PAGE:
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Our Kids Deserve Better

And the Candidates Said…

We invited the five School Board candidates to respond to six questions related to the issues on this blog.

None of the candidates chose to respond.

Perhaps responding to the six questions was fraught with too much risk. Perhaps even those candidates who are concerned, feel it’s better to wait until after the election to raise those concerns.

Whatever the reason, let’s hope those who are elected don’t stay silent once they take their seats on the Board.

As a result, there are few public clues to how these candidates might respond to the issues on this blog. Here’s what we’ve been able to gather.

From the Candidates’ Forum

There was a Candidates’ Forum on October 9. About 100 people attended the event moderated by the Administration.

For information, you can check out our review of the Forum and what we heard from the Candidates during the Forum.

From Candidates’ Websites

We reviewed the websites of Mr. Hessler, Ms. Rabideau, Mr. Ruppert, and Ms. Lykins to see if any of the candidates had chosen to highlight the issue on his/her website. We also looked at any related social media sites of the candidates.

Unless we missed something, we only found one candidate that addressed special education concerns on his/her website. If you’re aware of any responses from the other candidates, please let us know.

Ms. Rabideau’s Site

Below is an excerpt from the Q&A section of Michelle Rabideau for EGR School Board website.

Q: I’m concerned about our special education program. What are the schools doing to make sure this remains a priority?

A: I am proud that as a public school system, we are required to offer such programs to support all students enrolled in the district. There are several federal and state mandates toward special education that guide what we offer and we fulfill all of their requirements. Last year, we received $2,054,009 for overall funding for the 184 students receiving special education services. Our district spent $2,497,154 which is greater than what we received from funding but demonstrates an additional investment from the schools. Having both kids go through our special education program during their elementary years for a speech impairment, I feel strongly about making sure we provide a great educational experience for all students.

Our Comments
  • Ms. Rabideau cites 184 students that received special education services last year. There were 178 special ed students (K-12: 164 + Early Childhood: 14) on the fall 2011 count day. That means a net of only 6 students were identified for special education during the year. Last year, there were 14 seniors who had IEPs. So we know this year’s total on count day will drop by 14 for the exiting seniors. Unless there’s a significant influx of kindergarteners with IEPs, it looks like the number of K-12 special ed kids will fall yet again.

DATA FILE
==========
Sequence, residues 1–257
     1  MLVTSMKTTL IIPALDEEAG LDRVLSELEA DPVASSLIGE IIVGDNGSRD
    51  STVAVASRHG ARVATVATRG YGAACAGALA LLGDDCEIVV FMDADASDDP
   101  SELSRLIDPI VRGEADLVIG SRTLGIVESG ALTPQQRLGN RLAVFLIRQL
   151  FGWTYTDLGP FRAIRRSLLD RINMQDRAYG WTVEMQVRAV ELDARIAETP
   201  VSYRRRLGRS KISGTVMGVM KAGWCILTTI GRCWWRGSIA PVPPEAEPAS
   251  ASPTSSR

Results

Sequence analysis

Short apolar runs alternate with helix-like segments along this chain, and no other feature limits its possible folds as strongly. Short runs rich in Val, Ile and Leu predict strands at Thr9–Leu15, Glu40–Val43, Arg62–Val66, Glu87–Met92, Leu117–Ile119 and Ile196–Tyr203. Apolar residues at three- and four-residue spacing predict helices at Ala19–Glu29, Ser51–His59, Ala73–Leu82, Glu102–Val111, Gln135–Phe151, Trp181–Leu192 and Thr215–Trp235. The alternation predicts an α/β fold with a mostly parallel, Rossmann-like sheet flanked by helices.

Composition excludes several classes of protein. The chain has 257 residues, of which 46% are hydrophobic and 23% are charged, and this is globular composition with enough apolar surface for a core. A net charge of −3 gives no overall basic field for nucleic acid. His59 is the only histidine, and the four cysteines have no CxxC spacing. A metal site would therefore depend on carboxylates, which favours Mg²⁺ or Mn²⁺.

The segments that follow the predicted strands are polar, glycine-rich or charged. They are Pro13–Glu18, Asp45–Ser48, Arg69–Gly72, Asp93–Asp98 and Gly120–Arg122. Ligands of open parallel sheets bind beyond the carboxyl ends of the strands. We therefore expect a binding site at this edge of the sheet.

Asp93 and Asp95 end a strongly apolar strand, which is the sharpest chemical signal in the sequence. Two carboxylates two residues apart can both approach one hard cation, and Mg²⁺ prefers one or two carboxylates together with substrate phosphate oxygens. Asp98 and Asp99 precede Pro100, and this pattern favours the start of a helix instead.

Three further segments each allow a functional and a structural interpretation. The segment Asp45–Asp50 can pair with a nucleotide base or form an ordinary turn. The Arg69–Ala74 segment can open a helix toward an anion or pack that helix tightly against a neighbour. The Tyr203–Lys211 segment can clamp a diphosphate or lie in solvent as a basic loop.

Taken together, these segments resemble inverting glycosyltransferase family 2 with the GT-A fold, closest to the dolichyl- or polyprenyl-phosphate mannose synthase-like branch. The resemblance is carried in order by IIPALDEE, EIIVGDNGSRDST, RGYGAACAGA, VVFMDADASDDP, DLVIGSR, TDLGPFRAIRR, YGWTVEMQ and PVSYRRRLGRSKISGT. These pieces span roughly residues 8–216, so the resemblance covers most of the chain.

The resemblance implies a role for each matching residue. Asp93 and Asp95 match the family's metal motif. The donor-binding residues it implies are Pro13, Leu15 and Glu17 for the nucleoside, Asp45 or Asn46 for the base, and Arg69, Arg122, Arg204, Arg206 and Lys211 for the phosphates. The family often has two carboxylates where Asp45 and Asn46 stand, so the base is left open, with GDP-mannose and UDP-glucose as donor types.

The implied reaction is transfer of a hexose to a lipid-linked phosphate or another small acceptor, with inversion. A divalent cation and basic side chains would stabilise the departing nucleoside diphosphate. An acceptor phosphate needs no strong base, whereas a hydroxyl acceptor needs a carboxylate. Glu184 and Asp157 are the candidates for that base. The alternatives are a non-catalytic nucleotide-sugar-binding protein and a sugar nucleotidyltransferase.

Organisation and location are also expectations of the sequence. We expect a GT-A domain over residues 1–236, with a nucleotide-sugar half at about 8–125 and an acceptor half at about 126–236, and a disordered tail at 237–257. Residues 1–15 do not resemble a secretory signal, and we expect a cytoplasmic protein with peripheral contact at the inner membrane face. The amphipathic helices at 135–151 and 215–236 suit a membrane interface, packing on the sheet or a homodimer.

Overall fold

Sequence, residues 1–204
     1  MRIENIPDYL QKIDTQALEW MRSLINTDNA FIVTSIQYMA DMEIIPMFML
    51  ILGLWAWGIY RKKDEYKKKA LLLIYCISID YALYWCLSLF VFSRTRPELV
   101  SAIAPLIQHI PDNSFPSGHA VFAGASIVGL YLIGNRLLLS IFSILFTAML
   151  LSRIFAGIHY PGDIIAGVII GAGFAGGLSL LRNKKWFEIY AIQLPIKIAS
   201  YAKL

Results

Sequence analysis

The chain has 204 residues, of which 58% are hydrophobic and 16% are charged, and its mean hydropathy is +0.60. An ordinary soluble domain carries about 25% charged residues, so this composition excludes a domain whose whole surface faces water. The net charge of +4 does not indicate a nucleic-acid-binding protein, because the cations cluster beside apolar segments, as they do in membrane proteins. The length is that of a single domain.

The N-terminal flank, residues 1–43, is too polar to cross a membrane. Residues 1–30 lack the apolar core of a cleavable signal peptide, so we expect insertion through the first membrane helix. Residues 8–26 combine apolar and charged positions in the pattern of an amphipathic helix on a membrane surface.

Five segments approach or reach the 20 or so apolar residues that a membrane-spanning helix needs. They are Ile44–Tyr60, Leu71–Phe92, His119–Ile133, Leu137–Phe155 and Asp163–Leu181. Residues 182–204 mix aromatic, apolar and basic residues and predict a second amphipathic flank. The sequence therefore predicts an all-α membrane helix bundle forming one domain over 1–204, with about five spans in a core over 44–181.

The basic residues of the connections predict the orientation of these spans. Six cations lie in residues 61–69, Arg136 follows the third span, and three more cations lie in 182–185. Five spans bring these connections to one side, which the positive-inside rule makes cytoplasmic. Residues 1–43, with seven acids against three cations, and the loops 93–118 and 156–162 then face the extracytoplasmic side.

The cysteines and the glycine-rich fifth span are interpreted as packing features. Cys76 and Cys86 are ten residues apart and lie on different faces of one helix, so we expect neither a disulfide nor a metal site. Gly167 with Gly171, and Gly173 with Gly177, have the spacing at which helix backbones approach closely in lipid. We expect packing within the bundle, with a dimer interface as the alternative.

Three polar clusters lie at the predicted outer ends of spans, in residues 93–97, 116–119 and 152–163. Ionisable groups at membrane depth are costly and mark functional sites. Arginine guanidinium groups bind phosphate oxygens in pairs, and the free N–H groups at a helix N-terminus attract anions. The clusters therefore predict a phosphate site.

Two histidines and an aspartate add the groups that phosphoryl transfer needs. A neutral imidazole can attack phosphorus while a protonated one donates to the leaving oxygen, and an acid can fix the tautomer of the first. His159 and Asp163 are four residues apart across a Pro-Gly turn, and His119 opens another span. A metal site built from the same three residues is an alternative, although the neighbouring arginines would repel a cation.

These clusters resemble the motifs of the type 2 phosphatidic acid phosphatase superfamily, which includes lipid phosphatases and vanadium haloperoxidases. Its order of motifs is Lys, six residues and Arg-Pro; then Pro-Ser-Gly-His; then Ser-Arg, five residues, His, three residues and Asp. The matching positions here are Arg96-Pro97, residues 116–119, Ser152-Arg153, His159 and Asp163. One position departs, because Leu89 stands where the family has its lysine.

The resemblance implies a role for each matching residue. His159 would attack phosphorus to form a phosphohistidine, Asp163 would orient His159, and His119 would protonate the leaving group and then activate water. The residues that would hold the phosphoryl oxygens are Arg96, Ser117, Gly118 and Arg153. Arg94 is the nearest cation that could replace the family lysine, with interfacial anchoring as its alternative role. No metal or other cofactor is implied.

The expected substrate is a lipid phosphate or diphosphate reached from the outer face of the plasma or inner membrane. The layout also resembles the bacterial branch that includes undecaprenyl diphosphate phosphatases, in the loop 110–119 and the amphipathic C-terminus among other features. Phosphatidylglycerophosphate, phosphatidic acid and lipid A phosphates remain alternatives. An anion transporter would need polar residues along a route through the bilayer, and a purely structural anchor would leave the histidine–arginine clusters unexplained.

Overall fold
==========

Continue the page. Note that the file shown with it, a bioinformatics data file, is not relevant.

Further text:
• Last year’s special ed count from the State shows 164 K-12 special ed kids and 14 Early Childhood special ed kids. Combining these two groups, does not give a clear picture of what’s going on at the K-12 level. In our post, “Playing with the Numbers,” we talk about why it’s important to isolate what’s happening at the K-12 level, how the numbers get skewed when one doesn’t do that, and why it’s important to compare apples to apples. Instead of giving constituents some combined number that obscures things, why not be transparent? The count day for general and special ed students was October 3. The district already knows how many K-12 special ed kids there were on that date; and Ms. Rabideau, as a board member, should be able to easily get that information. Why not let constituents know what the K-12 special ed count was for fall 2012? What would be the harm in that?
  • Funding for Early Childhood is completely different from K-12. If we want to talk about funding and expenses, let’s be transparent and show what gets spent where.
  • Also, we can’t merely look at funding. The vast majority of the expenditures are for fixed costs (salaries). Just because the District is employing people doesn’t necessarily mean kids with special needs are receiving appropriate services or being appropriately identified and qualified for special education.
  • “…we fulfill all of their requirements.” —We are not sure how any candidate or board member could reasonably come to that conclusion in such a short period of time. Data from the State shows special education at East was cut 45% in five years, to the lowest level of any public K-12 district in the state. We published this information three weeks ago. There is no way a meaningful study of the data and district practices by all stakeholders (let alone one person) could be conducted in such a short period of time. We need to study why this has happened, why the district is so out of step with other districts in the state, and whether and to what extent the district’s practices contribute to the middle school and Lakeside Elementary being designated as Focus Schools, which the State defines as “schools [that] have the greatest issues in supporting their lowest achieving students, whether their overall performance is high or low.”

 What do you think?

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